No Plan After High School, No Diploma, Says Chicago Mayor

Proposal would require students to show their next move
By Arden Dier,  Newser Staff
Posted Apr 6, 2017 7:14 AM CDT
No Plan After High School, No Diploma, Says Chicago Mayor
Chicago Mayor Rahm Emanuel speaks at an event in Chicago.   (AP Photo/Charles Rex Arbogast File)

Don't have a plan after high school? Don't expect a diploma, says Rahm Emanuel. Under a new proposal from the Chicago mayor, high school students of Chicago Public Schools will need to prove they have a plan for their immediate future before they can graduate, reports the Chicago Tribune. To fulfill the graduation requirement, students of the Class of 2020 and beyond will need to show they have a job offer, or are entering university, community college, a trade program, the military, or another educational program. The goal is to prepare students for a challenging job market, Emanuel tells CBS Chicago. "A [high school] diploma alone isn't enough anymore," says CPS Chief Education Officer Janice Jackson. Emanuel notes all high school graduates in Chicago are automatically accepted at city colleges, so no student will be left without an option.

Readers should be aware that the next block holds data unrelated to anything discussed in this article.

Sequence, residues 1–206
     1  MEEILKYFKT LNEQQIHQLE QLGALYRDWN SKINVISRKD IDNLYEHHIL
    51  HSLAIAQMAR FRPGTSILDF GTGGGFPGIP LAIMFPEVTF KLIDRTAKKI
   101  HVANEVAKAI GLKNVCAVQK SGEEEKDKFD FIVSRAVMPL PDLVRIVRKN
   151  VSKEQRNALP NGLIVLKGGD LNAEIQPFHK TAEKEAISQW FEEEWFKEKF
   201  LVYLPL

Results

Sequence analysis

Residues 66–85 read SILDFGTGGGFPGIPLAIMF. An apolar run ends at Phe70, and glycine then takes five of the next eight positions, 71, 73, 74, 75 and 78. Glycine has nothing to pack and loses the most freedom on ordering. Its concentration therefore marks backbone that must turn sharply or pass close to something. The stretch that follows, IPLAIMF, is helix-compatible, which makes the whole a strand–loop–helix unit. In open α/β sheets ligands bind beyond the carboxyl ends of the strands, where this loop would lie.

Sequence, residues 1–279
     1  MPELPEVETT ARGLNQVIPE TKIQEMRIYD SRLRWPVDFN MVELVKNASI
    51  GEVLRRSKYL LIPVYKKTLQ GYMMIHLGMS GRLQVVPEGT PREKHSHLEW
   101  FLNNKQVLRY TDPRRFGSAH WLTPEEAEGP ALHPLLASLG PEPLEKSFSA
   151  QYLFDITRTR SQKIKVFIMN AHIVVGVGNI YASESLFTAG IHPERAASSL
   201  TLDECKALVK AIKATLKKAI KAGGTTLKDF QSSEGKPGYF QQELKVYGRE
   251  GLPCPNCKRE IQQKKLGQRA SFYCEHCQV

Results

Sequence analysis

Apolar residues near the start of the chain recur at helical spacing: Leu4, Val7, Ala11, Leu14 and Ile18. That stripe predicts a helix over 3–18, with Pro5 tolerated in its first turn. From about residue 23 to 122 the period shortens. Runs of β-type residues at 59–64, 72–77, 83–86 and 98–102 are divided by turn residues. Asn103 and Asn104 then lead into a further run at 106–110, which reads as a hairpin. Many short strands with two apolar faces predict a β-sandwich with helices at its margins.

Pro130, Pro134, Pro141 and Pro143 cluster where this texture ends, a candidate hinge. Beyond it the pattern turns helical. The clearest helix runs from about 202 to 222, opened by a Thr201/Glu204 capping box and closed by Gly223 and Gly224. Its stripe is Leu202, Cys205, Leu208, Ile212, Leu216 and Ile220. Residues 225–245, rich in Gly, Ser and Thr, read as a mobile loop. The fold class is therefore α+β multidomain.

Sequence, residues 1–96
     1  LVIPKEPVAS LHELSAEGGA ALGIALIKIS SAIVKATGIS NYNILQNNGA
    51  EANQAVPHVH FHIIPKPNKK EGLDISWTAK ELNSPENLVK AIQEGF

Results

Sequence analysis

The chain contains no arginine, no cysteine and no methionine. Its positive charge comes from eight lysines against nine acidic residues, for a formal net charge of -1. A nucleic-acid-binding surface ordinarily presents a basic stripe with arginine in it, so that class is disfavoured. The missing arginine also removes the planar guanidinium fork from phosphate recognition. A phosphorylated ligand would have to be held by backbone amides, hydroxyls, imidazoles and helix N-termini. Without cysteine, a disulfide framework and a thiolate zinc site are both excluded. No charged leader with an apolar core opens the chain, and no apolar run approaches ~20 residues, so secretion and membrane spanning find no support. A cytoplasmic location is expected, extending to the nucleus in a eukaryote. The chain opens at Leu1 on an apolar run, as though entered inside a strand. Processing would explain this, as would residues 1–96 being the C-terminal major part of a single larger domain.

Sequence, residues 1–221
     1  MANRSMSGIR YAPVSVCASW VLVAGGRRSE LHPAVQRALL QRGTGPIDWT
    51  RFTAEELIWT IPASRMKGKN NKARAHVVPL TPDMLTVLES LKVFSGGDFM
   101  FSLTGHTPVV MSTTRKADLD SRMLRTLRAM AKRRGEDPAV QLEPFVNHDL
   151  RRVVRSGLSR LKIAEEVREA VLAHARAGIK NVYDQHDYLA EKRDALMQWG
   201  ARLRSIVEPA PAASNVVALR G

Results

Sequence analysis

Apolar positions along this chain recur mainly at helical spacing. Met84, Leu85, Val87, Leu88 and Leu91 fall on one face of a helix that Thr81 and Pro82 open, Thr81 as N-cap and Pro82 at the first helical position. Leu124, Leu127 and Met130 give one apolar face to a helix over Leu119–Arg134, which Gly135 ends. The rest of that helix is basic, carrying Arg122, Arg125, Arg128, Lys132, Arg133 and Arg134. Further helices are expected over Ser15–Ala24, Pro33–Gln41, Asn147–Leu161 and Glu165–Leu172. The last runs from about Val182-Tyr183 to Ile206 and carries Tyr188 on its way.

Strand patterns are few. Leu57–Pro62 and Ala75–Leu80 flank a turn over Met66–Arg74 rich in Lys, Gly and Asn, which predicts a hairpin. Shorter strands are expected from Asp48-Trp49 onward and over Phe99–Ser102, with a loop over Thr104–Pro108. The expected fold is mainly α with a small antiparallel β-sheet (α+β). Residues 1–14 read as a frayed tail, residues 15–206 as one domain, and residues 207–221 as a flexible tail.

But critics say the rule could force undecided students to rush into a decision, or harm students living in poverty, per Quartz. Some say it may also require more high school counselors and additional funding for local community colleges, which are struggling financially. Others question if it's even legal for CPS to weigh in on students' choices. "I've been doing this for 20 years and I've never heard of anything like that," says an education policy expert. "The question I would have for Mayor Emanuel is: 'Where did this come from? What informed your thinking to lead you to believe that this was a good plan of action for CPS?'" Jackson, however, says the Illinois State Board of Education only requires that schools meet the state's minimum graduation requirements, and that schools can individually adopt other requirements that don't need approval from the board. (More Chicago stories.)

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